by Krisha McCoy, MS
What Is Influenza?
Influenza (also called the flu) is an upper respiratory infection. It is caused by a strain of the influenza virus. There are many types of influenza viruses but there are two main kinds that infect humans:
Each year (usually beginning in October), the flu spreads around the world. You can get the flu when you breathe in droplets from someone infected with the virus. It can also be spread by touching a contaminated surface, then putting your hand to your mouth or nose. For most, the flu will cause fever, aches, fatigue, coughing, congestion, loss of appetite, and sore throat. However, some people are more vulnerable to more severe complications which may require hospitalization. Risk factors for severe complications include:
What Is the Influenza Vaccine?
The flu shot is made from an inactivated, killed virus. There are 3 types of flu shots available:
The flu shots and nasal spray contain several influenza viral strains. The type of strains that the vaccine contains change from year to year. The strains are based on which viruses are likely to circulate during that flu season.
Who Should Get Vaccinated and When?
The Centers for Disease Control and Prevention (CDC) recommend that anyone aged 6 months and older should get a flu shot. Children 6 months to 8 years of age will need 2 doses of the vaccine. This will help your child build immunity to the virus.
It takes about 2 weeks for the vaccination to protect you against the flu. Even if you have been vaccinated, you can still get the flu. If you have symptoms, tell your doctor.
You can get the flu anytime during the year (mainly in tropical climates). However in temperate climates, flu season typically lasts from October to May. The best time to get vaccinated is as soon as the vaccine is available. This will protect you before the flu comes to your community.
What Are the Risks Associated With the Influenza Vaccine?
Almost all people who receive the influenza vaccine have no problems. There are certain risks associated with the vaccine. As with any vaccine, there is a small risk of serious problems, including severe allergic reaction.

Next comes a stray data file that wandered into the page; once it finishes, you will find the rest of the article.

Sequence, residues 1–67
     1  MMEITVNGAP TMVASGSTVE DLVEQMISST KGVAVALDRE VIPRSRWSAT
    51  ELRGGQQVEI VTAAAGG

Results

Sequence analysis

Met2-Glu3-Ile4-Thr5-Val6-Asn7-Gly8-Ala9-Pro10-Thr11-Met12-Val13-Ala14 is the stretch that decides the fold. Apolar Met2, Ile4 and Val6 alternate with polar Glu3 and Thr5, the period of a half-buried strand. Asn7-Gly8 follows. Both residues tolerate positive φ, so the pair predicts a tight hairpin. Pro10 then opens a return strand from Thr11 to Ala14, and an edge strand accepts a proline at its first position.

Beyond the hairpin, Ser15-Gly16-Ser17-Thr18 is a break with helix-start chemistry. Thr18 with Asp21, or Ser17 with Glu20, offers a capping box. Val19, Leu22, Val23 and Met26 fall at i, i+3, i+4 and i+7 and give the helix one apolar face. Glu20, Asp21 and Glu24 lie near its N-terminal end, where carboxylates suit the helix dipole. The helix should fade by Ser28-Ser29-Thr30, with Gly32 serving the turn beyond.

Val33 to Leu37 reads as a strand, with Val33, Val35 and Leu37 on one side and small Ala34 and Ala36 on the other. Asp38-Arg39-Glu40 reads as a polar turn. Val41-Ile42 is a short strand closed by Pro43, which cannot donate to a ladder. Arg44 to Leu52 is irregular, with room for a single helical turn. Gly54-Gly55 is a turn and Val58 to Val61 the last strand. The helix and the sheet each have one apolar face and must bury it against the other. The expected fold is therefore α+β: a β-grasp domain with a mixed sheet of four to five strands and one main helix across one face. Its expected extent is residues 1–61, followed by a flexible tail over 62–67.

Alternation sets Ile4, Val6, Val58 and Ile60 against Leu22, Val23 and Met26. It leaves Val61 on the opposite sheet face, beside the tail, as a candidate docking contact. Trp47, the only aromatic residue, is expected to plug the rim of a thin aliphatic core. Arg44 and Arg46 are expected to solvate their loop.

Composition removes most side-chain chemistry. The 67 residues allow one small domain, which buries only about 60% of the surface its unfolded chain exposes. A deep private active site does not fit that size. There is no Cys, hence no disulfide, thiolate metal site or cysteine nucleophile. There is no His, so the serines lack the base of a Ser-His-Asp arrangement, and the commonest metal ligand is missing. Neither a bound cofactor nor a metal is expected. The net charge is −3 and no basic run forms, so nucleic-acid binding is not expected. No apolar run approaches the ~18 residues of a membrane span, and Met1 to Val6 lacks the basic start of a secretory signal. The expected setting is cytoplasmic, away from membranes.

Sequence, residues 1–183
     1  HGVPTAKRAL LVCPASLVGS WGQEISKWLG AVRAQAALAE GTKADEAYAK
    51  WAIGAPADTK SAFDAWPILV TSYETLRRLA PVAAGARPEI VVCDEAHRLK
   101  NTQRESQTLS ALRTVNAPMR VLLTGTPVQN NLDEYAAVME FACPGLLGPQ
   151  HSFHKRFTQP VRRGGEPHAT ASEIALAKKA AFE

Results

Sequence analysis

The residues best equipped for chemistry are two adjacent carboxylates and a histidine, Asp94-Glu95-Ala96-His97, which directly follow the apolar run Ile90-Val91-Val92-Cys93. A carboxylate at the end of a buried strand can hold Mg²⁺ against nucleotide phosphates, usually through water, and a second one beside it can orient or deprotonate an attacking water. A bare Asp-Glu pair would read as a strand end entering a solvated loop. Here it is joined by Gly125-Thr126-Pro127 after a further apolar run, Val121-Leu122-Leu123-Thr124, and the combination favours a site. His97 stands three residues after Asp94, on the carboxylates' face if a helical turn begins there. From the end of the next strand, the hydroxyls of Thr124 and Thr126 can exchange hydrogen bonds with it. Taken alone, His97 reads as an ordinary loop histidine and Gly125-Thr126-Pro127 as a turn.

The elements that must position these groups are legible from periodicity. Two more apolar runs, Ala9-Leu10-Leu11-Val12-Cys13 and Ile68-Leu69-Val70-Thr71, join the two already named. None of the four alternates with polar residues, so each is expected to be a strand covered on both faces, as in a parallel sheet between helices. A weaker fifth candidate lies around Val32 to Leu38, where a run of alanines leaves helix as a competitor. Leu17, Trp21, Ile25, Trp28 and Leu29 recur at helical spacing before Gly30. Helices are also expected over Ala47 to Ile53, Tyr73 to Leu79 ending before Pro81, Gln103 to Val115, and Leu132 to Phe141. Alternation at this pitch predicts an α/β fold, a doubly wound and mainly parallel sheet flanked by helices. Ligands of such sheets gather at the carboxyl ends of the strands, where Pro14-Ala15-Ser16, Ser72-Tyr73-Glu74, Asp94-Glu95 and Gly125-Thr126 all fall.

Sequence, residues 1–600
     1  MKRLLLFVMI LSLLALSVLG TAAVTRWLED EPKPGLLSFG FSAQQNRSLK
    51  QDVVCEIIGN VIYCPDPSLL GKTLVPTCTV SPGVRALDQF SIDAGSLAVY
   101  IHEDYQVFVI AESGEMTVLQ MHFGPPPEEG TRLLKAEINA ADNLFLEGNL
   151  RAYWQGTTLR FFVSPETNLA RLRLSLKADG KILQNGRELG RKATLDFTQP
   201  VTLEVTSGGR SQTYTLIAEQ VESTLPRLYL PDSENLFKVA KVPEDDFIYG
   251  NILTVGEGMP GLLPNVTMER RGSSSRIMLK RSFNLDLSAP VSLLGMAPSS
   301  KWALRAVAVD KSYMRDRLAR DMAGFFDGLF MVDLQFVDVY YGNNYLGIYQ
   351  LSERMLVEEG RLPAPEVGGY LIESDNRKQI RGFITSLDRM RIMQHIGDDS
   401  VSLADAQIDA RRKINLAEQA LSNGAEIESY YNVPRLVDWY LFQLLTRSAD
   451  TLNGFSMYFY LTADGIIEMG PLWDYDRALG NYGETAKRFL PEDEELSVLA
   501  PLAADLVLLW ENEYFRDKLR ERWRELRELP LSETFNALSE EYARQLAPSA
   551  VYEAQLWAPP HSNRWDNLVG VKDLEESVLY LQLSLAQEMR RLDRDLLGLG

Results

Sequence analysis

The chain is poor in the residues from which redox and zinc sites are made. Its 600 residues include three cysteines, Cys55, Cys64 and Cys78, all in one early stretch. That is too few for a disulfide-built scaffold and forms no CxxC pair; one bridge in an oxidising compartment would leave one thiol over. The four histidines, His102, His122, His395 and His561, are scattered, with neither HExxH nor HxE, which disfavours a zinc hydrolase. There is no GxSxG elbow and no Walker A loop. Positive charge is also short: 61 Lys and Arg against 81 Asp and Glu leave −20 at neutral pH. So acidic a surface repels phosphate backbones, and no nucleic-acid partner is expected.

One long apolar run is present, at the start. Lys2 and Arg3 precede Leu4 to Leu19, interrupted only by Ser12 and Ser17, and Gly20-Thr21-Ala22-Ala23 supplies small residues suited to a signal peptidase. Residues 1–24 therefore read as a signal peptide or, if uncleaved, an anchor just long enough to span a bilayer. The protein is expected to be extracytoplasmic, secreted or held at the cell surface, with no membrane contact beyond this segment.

Side effects associated with the flu shot include:
Side effects associated with the nasal spray vaccine include:
Who Should Not Get Vaccinated?
Certain people should talk to their doctor before receiving the influenza vaccine. These include people who:
The following people should not get the nasal spray :
What Other Ways Can Influenza Be Prevented?
Good preventive measures include:
What Happens in the Event of an Outbreak?
In the event of an outbreak, the primary focus is to vaccinate as many at risk people as possible, especially those in high priority groups. The use of antiviral medications can reduce the length of the illness when given within two days of onset. Finally, people who are infected should be isolated as much as possible.
WHERE CAN I GET MORE INFORMATION?
Centers for Disease Control and Prevention
Public Health Agency of Canada
US Food & Drug Administration
Fluzone high-dose seasonal influenza vaccine. Centers for Disease Control and Prevention website. Available at: https://www.cdc.gov/flu/protect/vaccine/qa_fluzone.htm. Updated August 21, 2017. Accessed September 26, 2017.
Immunization schedules. Centers for Disease Control and Prevention website. Available at: https://www.cdc.gov/vaccines/schedules/index.html. Updated February 6, 2017. Accessed September 26, 2017.
Influenza in adults. EBSCO DynaMed Plus website. Available at: http://www.dynamed.com/topics/dmp~AN~T435301/Influenza-in-adults . Updated September 11, 2017. Accessed September 26, 2017.
Influenza in children. EBSCO DynaMed Plus website. Available at: http://www.dynamed... . Updated September 27, 2016. Accessed September 26, 2017.
Key facts about seasonal influenza (flu). Centers for Disease Control and Prevention website. Available at: https://www.cdc.gov/flu/keyfacts.htm. Updated August 25, 2016. Accessed September 26, 2017.
People at high risk of developing flu-related complications. Centers for Disease Control and Prevention website. Available at: https://www.cdc.gov/flu/about/disease/high_risk.htm. Updated August 25, 2016. Accessed September 26, 2017.
Seasonal influenza vaccines in adults. EBSCO DynaMed Plus website. Available at: http://www.dynamed... . Updated September 15, 2017. Accessed September 26, 2017.
Seasonal influenza vaccines in children. EBSCO DynaMed Plus website. Available at: http://www.dynamed... . Updated September 15, 2017. Accessed September 26, 2017.
Seasonal influenza vaccines in the elderly. EBSCO DynaMed Plus website. Available at: http://www.dynamed... . Updated September 15, 2017. Accessed September 26, 2017.
Last reviewed September 2018 by EBSCO Medical Review Board Marcie L. Sidman, MD
Last Updated: 2/8/2017
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